railway cars. Being dependent on the railroads for over 90% of its 
business, it naturally has been severely affected by the depression. 
Production in 1929 consisted of 2,926,000 wheels, which represented 
even at that time only 49.6% of capacity. Production in 1933 is 
estimated at only 1,100,000 wheels, a reduction of 63% from the 
1929 volume. 

In 1929 the Industry employed 4,439 persons; tliis number was 
decreased 30.5% in 1933 to 3,078. Average weekly payrolls for shop 
workers, however, are estimated to have been $109,763 in 1929, but 
only $25,727 in 1933, a decrease of 76.7%. This is more clearly 
illustrated by the fact that in comparing the above two years, it has 
been shown that the average hours per week per man for shop workers 
in 1929 were 57 as to 24 in July, 1933, and the average weekly earnings 
for shop workers in July, 1933, decreased 65% from 1929. 

The adoption of the President's Reemployment Agreement has 
restored wage rates to the 1929 level, but has not increased the number 
of employees as the effect was to increase only the number of working 
days per week. Reemployment in the Industry can only be accom- 
plished by a substantial increase in the demand for chilled car wheels. 
The immediate prospect of the advancement of Public Works Ad- 
ministration funds will favorably affect this Industry and should 
result in increased employment. Also, the market for chilled car 
wheels is becoming more and more potential in Russia. If the 1929 
rate of production is attained, this Code will directly increase employ- 
ment about 28% over the 1929 number of employees. 

The minimum rates contained in the Code will increase wage rates 
20% over July, 1933, and 2% over July, 1929. 

There is no provision for female employees. The reason for this 
is that there are no females employed in plant operations. 

FINDINGS 

The Deputy Administrator in liis final report to me on said Code 
having found as herein set forth and on the basis of all the proceedings 
in tliis matter: 

I find that— 

(a) Said Code is well designed to promote the policies and purposes 
of Title I of the National Industrial Recovery Act, including removal 
of obstructions to the free flow of interstate and foreign commerce 
which tend to diminish the amount thereof and will provide for the 
general welfare by promoting the organization of industry for the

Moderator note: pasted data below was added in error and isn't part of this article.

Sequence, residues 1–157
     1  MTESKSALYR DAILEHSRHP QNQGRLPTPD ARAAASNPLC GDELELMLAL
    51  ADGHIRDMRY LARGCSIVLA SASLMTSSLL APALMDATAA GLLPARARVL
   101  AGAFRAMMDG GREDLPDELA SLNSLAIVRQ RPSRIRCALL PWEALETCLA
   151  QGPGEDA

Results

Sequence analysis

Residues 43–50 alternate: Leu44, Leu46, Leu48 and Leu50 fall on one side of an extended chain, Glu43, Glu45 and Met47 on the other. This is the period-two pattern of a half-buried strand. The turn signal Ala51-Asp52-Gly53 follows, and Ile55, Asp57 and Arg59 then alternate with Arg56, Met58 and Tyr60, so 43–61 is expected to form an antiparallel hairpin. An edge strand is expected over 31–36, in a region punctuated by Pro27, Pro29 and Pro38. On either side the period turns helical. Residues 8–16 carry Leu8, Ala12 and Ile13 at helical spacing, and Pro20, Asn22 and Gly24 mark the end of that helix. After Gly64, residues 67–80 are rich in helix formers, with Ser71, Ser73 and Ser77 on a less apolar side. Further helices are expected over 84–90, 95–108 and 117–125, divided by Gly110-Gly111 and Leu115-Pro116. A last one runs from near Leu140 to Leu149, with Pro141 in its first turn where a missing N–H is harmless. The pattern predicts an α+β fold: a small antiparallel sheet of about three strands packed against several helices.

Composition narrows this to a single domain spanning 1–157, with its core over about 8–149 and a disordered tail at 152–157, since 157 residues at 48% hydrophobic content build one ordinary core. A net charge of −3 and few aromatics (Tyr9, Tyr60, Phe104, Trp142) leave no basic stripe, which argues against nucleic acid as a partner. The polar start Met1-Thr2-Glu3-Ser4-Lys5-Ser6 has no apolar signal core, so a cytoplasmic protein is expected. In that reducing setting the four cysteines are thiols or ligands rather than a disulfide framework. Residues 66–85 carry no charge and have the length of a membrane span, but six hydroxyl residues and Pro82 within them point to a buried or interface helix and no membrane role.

purpose of cooperative action among the trade groups, by inducing 
and maintaining united action of labor and management under 
adequate governmental sanctions and supervision, by eliminating 
unfair competitive practices, by promoting the fullest possible 
utilization of the present productive capacity of industries, by avoid- 
ing undue restriction of production (except as may be temporarily 
required), by increasing the consumption of industrial and agricul- 
tural products through increasing purchasing power, by reducing 
and relieving unemployment, by improving standards of labor, and 
by otherwise rehabilitating industry. 



132 

(b) Said Industry normally employs not more than 50,000 employ- 
ees; and is not classified by me as a major industry. 

(c) The Code as approved complies in all respects with the pertinent 
provisions of said Title of said Act, including without limitation Sub- 
section (a) of Section 3, Subsection (a) of Section 7, and Subsection (b) 
of Section 10 thereof; and that the applicant group is an industrial 
group truly representative of the aforesaid Industry; and that said 
group imposes no inequitable restrictions on admission to membership 
therein. 

(d) The Code is not designed to and will not permit monopolies or 
monopolistic practices. 

(e) The Code is not designed to and will not eliminate or oppress 
small enterprises and v>dll not operate to discriminate against them. 

(f) Those engaged in other steps of the economic process have not 
been deprived of the right to be heard prior to approval of said Code. 

For these reasons, therefore, I have approved this Code, subject to